9. Hess KR, Pusztai L, Buzdar AU, Hortobagyi GN. Estrogen receptors and distinct patterns of breast cancer relapse. Breast Cancer Res Treat. 2003;78:105–18.View ArticlePubMedGoogle Scholar
  10. Grambsch P, Therneau TM. Proportional hazards tests and diagnostics based on weighted residuals. Biometrika. 1994;81:515–26.View ArticleGoogle Scholar
  11. Dignam JJ, Dukic V, Anderson SJ, Mamounas EP, Wickerham DL, Wolmark N. Hazard of recurrence and adjuvant treatment effects over time in lymph node-negative breast cancer. Breast Cancer Res Treat. 2009;116:595–602.View ArticlePubMedGoogle Scholar
  12. Saphner T, Tormey DC, Gray R. Annual hazard rates of recurrence for breast cancer after primary therapy. J Clin Oncol. 1996;14:2738–46.PubMedGoogle Scholar
  13. Piccart-Gebhart MJ, Procter M, Leyland-Jones B, Goldhirsch A, Untch M, Smith I, et al. Trastuzumab after adjuvant chemotherapy in HER2-positive breast cancer. N Engl J Med. 2005;353:1659–72.View ArticlePubMedGoogle Scholar
  14. Brufsky A, Lembersky B, Schiffman K, Lieberman G, Paton VE. Hormone receptor status does not affect the clinical benefit of trastuzumab therapy for patients with metastatic breast cancer. Clin Breast Cancer. 2005;6:247–52.View ArticlePubMedGoogle Scholar
  15. O’Sullivan CC, Bradbury I, Azambuja E, Perez EA, Rastogi P, Spielmann M, et al. Efficacy of adjuvant trastuzumab compared with no trastuzumab for patients with HER2-positive breast cancer and tumors ≤2 cm: a meta-analysis of the randomized trastuzumab trials. J Clin Oncol. 2014; 32:abstr 508.Google Scholar
  16. Dressler LG, Berry DA, Broadwater G, Cowan D, Cox K, Griffin S, et al. Comparison of HER2 status by fluorescence in situ hybridization and immunohistochemistry to predict benefit from dose escalation of adjuvant doxorubicin-based therapy in node-positive breast cancer patients. J Clin Oncol. 2005;23:4287–97.View ArticlePubMedGoogle Scholar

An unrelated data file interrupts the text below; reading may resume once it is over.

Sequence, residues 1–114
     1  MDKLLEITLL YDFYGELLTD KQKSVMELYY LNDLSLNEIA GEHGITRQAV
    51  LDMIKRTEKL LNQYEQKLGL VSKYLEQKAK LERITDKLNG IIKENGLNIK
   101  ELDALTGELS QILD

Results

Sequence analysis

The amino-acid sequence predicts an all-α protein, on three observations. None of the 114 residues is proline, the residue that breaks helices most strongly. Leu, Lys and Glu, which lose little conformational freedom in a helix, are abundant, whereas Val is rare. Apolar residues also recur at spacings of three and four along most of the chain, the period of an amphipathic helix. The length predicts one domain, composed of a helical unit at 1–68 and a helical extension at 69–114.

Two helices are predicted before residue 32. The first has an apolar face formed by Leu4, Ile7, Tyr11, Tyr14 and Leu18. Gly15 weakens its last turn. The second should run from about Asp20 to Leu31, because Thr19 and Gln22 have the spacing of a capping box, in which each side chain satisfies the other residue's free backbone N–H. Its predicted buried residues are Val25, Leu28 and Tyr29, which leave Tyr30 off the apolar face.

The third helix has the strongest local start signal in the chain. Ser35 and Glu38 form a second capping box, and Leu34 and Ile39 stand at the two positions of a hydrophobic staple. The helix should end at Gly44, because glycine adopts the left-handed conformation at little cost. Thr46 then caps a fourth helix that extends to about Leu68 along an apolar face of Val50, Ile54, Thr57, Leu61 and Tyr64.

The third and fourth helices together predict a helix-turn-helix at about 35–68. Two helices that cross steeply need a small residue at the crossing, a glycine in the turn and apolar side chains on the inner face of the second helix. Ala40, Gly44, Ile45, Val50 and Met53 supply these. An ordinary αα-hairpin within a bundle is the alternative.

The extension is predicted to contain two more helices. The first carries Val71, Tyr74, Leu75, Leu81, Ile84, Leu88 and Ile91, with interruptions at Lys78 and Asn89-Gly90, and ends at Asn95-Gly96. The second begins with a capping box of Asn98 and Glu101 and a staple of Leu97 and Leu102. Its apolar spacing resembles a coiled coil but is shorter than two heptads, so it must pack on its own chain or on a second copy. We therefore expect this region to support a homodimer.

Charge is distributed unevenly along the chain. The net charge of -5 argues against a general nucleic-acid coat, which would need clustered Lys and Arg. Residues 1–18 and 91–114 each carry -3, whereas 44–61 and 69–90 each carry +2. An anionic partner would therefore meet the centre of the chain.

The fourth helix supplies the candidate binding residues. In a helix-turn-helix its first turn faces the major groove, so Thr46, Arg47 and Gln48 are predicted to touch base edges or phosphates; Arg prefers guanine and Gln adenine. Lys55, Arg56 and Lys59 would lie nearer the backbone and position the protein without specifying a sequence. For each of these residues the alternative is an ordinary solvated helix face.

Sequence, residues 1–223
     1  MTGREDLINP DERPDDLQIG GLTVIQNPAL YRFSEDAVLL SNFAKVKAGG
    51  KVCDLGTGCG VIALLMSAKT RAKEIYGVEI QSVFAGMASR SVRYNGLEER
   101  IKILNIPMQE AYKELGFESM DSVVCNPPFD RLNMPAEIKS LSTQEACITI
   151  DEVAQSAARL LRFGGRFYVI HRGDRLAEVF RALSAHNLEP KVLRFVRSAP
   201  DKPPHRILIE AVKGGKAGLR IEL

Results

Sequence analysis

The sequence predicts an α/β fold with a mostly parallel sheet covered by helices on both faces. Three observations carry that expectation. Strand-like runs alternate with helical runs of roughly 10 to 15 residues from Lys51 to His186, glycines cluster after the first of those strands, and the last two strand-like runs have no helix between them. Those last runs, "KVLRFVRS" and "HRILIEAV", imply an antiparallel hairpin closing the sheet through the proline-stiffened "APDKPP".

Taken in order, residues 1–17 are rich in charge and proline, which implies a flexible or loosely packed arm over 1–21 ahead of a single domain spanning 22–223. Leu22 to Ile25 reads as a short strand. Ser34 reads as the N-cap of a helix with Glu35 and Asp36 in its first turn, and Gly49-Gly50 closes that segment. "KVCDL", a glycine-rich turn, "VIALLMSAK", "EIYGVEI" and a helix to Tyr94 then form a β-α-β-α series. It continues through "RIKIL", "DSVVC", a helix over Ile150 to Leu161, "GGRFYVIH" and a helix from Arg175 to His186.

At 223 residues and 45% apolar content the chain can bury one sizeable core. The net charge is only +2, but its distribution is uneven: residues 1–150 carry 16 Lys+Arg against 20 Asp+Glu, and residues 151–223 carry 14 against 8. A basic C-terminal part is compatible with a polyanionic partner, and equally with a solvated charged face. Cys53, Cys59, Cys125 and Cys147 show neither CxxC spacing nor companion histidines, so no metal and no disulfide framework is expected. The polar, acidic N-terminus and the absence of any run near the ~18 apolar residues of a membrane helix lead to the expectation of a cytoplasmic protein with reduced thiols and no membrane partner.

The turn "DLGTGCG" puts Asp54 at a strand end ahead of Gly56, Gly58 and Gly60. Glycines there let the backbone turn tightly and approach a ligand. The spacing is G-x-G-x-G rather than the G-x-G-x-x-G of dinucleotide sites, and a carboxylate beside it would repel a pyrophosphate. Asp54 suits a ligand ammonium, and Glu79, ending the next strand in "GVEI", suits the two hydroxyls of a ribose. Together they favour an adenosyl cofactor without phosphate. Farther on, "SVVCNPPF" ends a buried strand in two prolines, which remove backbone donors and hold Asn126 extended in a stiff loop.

17. Hayes DF, Thor AD, Dressler LG, Weaver D, Edgerton S, Cowan D, et al. HER2 and response to paclitaxel in node-positive breast cancer. N Engl J Med. 2007;357:1496–506.View ArticlePubMedGoogle Scholar
  18. Romond EH, Perez EA, Bryant J, Suman VJ, Geyer Jr CE, Davidson NE, et al. Trastuzumab plus adjuvant chemotherapy for operable HER2-positive breast cancer. N Engl J Med. 2005;353:1673–84.View ArticlePubMedGoogle Scholar
  19. Perez EA, Romond EH, Suman VJ. Updated results of the combined analysis of NCCTG N9831 and NSABP B-31 adjuvant chemotherapy with/without trastuzumab in patients with HER2-positive breast cancer. Proc Am Soc Clin Oncol. 2007;25:512.Google Scholar

Copyright

© Strasser-Weippl et al.; licensee BioMed Central. 2015

This is an Open Access article distributed under the terms of the Creative Commons Attribution License (http://creativecommons.org/licenses/by/4.0), which permits unrestricted use, distribution, and reproduction in any medium, provided the original work is properly credited. The Creative Commons Public Domain Dedication waiver (http://creativecommons.org/publicdomain/zero/1.0/) applies to the data made available in this article, unless otherwise stated.

Advertisement